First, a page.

Military veteran is not able to get his driver's license renewed - Beckley, Bluefield & Lewisburg News, Weather, Sports

Military veteran is not able to get his driver's license renewed

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A few years ago, the West Virginia Division of Motor Vehicles changed its laws regarding what documents you need as part of the Real ID Act of 2005.

One man just wants to be able to do what he's done for decades, get in his car and drive.

59News is Working for You and found out why one military veteran is having trouble getting his license renewed. A military veteran reached out to us for help. He told us everyone in the world has accepted his identification documents for the past 28 years, until now.

"The IRS has accepted it, everybody's accepted it. But now with this new terrorism law, even though I can prove that I was born in the United States and even fought for our country, West Virginia won't accept this piece of paper from California," Richard Goodson of Raleigh County said.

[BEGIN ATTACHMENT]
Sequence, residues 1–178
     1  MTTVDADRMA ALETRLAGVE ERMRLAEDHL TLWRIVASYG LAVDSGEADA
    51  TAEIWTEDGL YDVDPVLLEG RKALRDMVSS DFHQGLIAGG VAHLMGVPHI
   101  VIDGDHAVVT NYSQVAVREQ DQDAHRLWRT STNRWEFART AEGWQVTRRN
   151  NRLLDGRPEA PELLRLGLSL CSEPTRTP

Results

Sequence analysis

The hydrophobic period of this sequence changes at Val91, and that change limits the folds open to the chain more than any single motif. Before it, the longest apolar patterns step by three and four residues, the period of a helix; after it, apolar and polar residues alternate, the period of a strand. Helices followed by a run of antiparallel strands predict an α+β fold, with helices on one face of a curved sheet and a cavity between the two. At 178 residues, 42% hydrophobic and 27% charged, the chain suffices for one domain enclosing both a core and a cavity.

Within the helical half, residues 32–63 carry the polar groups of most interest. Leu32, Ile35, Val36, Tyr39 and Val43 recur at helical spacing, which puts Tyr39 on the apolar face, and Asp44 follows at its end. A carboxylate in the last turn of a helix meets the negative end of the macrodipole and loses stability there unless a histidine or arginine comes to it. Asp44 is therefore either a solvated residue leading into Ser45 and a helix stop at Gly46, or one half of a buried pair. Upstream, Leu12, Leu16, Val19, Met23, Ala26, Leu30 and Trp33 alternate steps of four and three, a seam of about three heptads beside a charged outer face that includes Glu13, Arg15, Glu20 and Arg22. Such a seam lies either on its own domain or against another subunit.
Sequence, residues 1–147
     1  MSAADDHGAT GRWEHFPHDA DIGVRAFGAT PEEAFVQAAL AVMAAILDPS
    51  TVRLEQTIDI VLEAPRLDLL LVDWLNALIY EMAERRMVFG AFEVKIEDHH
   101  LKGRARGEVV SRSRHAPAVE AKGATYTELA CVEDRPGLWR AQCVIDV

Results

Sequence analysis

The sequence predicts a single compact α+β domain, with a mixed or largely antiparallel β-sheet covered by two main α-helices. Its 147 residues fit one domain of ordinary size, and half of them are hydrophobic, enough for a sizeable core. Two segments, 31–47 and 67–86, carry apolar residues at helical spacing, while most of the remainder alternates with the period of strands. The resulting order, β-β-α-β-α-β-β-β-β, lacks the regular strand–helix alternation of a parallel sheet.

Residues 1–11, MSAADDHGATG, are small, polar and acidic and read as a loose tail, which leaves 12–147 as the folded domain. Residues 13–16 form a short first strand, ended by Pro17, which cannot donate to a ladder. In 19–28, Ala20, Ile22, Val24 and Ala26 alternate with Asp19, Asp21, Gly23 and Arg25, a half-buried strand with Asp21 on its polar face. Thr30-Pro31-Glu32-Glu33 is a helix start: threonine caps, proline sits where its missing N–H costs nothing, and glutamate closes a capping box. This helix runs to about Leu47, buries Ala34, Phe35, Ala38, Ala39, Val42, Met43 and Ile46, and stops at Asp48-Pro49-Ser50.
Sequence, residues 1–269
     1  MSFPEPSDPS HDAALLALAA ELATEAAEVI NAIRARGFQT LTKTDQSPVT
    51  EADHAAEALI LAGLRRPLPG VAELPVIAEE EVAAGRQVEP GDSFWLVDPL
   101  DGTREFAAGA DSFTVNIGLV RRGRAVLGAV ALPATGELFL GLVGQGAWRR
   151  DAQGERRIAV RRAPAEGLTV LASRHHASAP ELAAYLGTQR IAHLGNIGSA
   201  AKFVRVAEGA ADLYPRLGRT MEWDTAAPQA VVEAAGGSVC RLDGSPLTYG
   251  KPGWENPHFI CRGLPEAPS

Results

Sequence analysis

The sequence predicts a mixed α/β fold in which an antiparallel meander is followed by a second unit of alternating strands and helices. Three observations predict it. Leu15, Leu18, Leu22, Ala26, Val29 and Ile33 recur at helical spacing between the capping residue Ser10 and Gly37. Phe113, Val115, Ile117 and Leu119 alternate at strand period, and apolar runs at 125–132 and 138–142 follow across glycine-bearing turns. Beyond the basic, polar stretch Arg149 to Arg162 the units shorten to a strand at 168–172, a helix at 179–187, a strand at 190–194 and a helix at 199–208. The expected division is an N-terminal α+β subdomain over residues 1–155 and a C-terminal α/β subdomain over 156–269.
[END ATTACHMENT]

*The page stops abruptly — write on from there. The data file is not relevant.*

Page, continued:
Natalie Harvey, the DMV's Public Information Officer walked through with 59News the reasoning behind these added difficulties. She explained the Real ID Act of 2005.

"For some people, they haven't brought in documents for 4 or so years, sometimes they lose things or get married a couple times and lose the records. One of the key things in the Real I.D. Act is making sure all your identification documents match so we can prove you are who you say you are," Harvey said.

Goodson told us he was denied when he was not able to show his current birth certificate, after he legally changed his last name 28 years ago. Also, he lost the original copy of his legal name change document. When he approached the DMV in California, where he changed his last name, he learned it would cost him $50 to track it down. This was Goodson's response.

"I could possibly do that but there's a chance that it wouldn't be there and then I would be out $50 and I would still have to go through Raleigh County and charge me $150 to get a judge to sign a piece of a paper and give me permission to use a name that I've used for 28 years," Goodson said.

To find out specifically what you're responsible for showing, you can click on the Driver's section of the Department of Transportation's website. Natalie Harvey said the change is to counter terrorism and identification fraud after the September 11th attacks.